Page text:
Wednesday, September 8, 2010

Harry Brown (2010)


After the death of his last remaining friend, widower, and veteran, Harry Brown (Michael Caine) takes it upon himself to track down the killers, one of the many local gangs, and gain vengeance. Meanwhile new Detective Frampton (Emily Mortimer) struggles to balance the violent territory she's been assigned to, and her moral nature.

Frampton: "It's not Northern Ireland Harry."
Harry: "No, it's not. Those people were fighting for something; for a cause. To them out there, this is just entertainment."

We all know the old quote: "All that is necessary for evil to triumph is for good men to do nothing." So, what happens when good men finally do something? What happens when to do something means to become one of those evil men? While Harry Brown never goes as far as it dares, that's the very sort of question it presents. Harry might be our lead, and exacter of revenge, but he's hardly the film's moral heart.

Harry is a killer, in the most barbaric sense. Showing no mercy, or sorrow, Brown enacts a carefully planned out vengeance. Yet at the same time, Harry isn't a superhero. Much like Walt Kowalski of Gran Torino (a film which can be said to parallel this one on some level), he can only do what his body, aging and frailing, will allow. Though of course when you have a gun, and some distance, what your body will allow, plays less of a role, than how well you can aim.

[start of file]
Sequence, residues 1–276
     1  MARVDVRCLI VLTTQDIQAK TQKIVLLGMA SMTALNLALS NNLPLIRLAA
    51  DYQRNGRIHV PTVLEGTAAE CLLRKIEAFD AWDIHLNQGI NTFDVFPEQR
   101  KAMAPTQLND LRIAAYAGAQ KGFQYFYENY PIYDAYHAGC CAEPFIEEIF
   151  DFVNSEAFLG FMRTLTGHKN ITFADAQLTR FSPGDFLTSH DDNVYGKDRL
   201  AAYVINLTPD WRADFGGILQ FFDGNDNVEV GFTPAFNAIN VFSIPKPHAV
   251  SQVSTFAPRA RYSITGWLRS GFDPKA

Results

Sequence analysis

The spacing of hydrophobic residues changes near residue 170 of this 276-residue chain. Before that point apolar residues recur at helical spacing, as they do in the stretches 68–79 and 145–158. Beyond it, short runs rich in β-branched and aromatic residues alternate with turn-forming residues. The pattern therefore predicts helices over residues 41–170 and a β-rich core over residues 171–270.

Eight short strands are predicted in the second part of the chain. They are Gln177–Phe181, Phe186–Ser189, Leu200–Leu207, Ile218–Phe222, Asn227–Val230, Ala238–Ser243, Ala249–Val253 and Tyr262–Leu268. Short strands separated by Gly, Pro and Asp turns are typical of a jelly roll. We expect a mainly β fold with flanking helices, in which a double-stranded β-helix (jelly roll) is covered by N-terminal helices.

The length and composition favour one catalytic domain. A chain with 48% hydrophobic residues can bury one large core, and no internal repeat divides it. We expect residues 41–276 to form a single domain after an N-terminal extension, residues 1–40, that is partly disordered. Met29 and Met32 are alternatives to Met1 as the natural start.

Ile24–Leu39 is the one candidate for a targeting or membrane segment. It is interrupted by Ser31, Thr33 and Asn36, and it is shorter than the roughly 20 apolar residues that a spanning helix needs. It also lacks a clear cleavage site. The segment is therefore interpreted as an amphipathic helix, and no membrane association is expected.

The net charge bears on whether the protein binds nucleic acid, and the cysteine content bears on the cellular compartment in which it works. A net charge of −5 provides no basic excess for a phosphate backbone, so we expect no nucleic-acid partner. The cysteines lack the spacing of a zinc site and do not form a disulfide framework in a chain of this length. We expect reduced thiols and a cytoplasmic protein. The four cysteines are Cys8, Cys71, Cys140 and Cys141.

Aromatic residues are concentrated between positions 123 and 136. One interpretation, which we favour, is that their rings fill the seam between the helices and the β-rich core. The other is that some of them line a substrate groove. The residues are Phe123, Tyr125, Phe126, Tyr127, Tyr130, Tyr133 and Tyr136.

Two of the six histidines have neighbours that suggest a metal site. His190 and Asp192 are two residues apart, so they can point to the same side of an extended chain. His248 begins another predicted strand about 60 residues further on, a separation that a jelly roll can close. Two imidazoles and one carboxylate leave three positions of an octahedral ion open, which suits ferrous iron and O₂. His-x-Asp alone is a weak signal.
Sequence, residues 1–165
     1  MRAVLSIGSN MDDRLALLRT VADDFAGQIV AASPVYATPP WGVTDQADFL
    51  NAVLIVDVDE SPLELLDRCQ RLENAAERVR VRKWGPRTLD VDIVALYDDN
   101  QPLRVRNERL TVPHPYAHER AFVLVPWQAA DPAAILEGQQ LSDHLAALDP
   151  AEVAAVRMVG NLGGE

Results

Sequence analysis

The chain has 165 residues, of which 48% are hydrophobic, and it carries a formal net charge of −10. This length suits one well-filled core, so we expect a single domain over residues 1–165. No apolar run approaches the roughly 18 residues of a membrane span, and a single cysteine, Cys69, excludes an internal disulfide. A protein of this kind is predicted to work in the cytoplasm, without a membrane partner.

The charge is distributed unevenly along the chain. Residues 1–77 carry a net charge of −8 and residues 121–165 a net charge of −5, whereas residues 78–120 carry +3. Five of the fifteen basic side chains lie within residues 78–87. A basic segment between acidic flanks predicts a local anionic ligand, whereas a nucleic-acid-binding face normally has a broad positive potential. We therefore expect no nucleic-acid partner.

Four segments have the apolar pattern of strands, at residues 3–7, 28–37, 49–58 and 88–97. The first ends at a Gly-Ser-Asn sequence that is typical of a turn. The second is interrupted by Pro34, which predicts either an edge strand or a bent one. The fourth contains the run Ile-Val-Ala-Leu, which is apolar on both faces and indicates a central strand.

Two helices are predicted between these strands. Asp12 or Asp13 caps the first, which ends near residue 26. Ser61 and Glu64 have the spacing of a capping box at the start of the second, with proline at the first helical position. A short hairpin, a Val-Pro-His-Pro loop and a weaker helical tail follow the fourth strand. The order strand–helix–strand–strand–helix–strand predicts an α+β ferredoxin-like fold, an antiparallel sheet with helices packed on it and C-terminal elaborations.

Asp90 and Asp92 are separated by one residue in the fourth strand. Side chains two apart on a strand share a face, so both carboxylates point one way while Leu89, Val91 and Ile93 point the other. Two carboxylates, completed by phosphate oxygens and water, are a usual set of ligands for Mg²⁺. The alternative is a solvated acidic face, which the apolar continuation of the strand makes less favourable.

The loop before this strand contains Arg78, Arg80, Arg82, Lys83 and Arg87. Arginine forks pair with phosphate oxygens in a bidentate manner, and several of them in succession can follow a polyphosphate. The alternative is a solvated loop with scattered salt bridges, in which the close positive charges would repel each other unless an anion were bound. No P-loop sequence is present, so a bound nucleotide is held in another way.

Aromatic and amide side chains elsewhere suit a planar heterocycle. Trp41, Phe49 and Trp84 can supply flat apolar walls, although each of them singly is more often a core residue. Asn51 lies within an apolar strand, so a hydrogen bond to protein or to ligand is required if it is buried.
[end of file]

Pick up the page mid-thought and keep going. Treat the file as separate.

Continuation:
Throughout the film Harry and Frampton battle wits, morality, and their own foes (including themselves). Michael Caine, whom I've always loved, delivers a strong performance, while Mortimer continues to show she has the talent for more pristine roles. The two match talent, and in that element the film prospers. Helping to give the supporting cast of characters, of whom are more filled out than one might expect, a stage to show their strengths.

On the whole, Harry Brown, both character and film, are quite well intentioned, and worthy of your time, and thought. Still, there's a handful of little things that irked me along the way. The movie is cautious, calculating, and slow in setup. A great strength for setup when the gets get going, but tedious while being sat threw. As well I felt at times if the lead characters were being forced into one dimensional shells, even though the film had taken the good time to keep them well fleshed out.

These things hardly make it a bad film, just keep it shy of that greatness it could have easily achieved.

While many films would shy away from their grittier elements, in favor of more mainstream appeal, Harry Brown embraces its dark side, to powerful results. Built upon the steady foundation of Michael Caine's performance, Harry Brown glows, as much as it dims. All to present a well told story, in a new age fashion. Giving heart, and taking it, as need be.

4 better thoughts:

Andrew Robinson said...

glad to see you liked it.... but cmon, tell me you were like me and eventually started making fun of the fact that our hero was an 80 yr old man who couldn't run faster than his walker could take him.

The Mad Hatter said...

It might be shy on greatness, but it still achieved a 7.5 out of 8 on the Equinoxometer! Sign of a good bit of filmmaking if ever there was one.


I agree for the most part but had a few more issues with the whole concept of the film, so in short, I will shamelessly plug my review blog and hope you check out my full review of Harry Brown here:

Japan Cinema said...

Thanks! I was on the fence about getting this the other night and you made my decision for me :)

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